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Approach to Education

Integrated Academics

Since its inception, Giddens School’s approach to teaching and learning has been steeped in the educational philosophy promoted by John Dewey and commonly referred to as progressive education. Progressive education is grounded by the following tenets:

  • respect for diversity and a commitment that each individual should be seen for their ideas, interests, needs, and identities, and
  • the development of a critical stance that allows individuals to participate fully and intelligently in a democracy.

Schools that adhere to a progressive philosophy prepare children to become citizens who fully participate in democratic institutions and ways of life. They do this by attending to the development of children’s intellect and also to their social and emotional development. Progressive educators understand children as whole beings that need support, care, and challenge to thrive in all the ways they are able. In short, progressive education focuses on the whole child and the development of that child to become a productive citizen in a democracy,

The Three Pillars

While grounded in progressive philosophy, over the past 40 years Giddens has adapted the tenets of progressive education to reflect the most up-to-date innovations in curriculum and pedagogy. At Giddens, our academic approach is grounded in three core pillars that support excellence in learning.

  • We prepare students with deep knowledge and understanding of the core content areas of schooling: mathematics, science, social studies, and literacy. Additionally, the process of learning to learn is central at Giddens. We support students to understand who they are as learners so that they can advocate for themselves.
  • We support social and emotional learning by working with students to develop their own understanding of who they are in relation to learning, to their communities, and to the world.
  • We engage students to understand the world through a social justice lens. This lens provides Giddens students with guideposts for understanding and actively participating in a democratic society.

This is an integrated academic approach. None of these three pillars stand alone at Giddens. They are not separate pieces of a pie, but rather the weft and the warp that is woven by teachers and students as they collaborate to learn.

Collaboration and Learning

Collaboration is key. Learning at Giddens is not a teacher standing up in the front of a classroom and imparting knowledge to students. Nor is it students deciding on their own what or how they should learn. It is a collaboration of a particular kind. Teachers with expertise about content and student development intentionally orchestrate learning tasks for individual students and groups of children. Teacher decisions about instruction in this way are intended to stretch children without overwhelming them. It’s also the collaboration between students and their teacher. It’s a teacher learning about students –who they are, what they want to learn, how they learn—and organizing curriculum in ways that engage students fully –in ways that help students feel seen inside of the everyday learning of classrooms. It is also the collaboration between students and students. All learning takes place in a social context and student-to-student interaction, problem solving together, challenging each other, and talking about what they are learning is fundamental to providing the highest quality contexts for learning. Relationships between teachers and students and students and students are at the heart of productive, thriving learning environments at Giddens.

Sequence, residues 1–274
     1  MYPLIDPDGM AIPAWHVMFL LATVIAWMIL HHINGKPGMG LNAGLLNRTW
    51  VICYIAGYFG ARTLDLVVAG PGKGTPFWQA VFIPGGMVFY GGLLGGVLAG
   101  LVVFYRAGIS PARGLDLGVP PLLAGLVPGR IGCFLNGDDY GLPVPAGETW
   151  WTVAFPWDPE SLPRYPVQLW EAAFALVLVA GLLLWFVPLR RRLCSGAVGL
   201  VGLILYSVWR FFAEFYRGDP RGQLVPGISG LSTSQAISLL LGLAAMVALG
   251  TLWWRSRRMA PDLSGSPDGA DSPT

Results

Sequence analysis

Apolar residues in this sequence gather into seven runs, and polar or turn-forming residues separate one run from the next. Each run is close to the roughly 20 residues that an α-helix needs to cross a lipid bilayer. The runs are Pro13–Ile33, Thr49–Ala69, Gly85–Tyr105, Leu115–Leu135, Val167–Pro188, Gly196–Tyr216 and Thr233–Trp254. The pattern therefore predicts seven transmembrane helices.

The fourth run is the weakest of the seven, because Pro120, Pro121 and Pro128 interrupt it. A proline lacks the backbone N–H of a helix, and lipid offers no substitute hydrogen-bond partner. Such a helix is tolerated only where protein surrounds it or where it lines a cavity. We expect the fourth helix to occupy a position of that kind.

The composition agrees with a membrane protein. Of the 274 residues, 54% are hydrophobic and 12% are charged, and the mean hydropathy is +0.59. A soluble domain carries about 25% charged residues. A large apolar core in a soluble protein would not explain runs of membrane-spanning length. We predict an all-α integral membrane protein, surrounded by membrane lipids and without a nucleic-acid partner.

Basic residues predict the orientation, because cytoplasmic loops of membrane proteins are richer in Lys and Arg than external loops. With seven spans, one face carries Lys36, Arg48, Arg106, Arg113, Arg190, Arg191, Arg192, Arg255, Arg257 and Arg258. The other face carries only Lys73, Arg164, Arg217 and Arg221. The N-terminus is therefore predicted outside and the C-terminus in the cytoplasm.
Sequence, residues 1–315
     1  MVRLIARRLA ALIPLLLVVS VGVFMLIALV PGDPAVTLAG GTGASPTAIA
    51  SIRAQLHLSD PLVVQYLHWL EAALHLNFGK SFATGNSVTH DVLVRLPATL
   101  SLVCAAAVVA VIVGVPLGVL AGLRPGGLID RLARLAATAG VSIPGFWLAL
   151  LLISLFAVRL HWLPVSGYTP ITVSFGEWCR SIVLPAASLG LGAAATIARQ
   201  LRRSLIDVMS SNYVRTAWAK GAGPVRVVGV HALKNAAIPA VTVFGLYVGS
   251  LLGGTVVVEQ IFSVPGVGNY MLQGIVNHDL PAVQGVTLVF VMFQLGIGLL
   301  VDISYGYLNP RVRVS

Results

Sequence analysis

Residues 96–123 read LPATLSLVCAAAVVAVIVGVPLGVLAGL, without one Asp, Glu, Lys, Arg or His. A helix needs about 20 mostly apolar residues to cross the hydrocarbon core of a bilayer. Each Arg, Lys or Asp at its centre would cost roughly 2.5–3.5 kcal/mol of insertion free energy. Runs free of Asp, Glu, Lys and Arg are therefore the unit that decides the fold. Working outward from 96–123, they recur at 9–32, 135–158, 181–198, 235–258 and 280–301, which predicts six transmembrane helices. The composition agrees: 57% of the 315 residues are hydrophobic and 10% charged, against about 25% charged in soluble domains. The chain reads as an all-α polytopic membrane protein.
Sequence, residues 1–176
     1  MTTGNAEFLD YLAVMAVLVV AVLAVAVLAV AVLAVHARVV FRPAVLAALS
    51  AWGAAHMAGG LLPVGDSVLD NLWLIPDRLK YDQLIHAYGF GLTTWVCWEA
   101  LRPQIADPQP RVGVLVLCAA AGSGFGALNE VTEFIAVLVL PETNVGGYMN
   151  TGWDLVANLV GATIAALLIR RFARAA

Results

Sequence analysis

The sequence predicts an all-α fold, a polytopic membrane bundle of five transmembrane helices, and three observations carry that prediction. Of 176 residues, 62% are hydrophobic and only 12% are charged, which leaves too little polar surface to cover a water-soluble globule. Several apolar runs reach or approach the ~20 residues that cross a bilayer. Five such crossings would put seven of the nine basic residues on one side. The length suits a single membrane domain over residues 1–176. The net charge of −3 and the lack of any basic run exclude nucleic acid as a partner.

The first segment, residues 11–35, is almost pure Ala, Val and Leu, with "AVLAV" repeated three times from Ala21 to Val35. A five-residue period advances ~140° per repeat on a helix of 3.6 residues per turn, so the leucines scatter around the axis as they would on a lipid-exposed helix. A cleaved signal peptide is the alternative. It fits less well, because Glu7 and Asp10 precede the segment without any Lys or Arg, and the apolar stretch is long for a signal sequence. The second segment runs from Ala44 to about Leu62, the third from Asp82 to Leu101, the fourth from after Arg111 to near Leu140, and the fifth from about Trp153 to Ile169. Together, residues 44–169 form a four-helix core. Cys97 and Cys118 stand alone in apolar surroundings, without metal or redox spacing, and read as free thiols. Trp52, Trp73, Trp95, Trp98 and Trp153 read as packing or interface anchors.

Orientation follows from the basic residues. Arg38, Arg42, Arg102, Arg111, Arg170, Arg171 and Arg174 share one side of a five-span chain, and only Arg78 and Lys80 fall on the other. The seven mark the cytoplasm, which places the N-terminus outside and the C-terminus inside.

Progressive education grounds our work at Giddens. Always at the center of our decisions is the perspective that we are educating the whole child—all of who a child is and can be. Always at the center of our decisions is the perspective of how we support students to be and become citizens who actively engage in advocating for themselves and others. Always at the center of our decisions it the perspective of what do students need to know about the content in order to engage intellectually in school and beyond.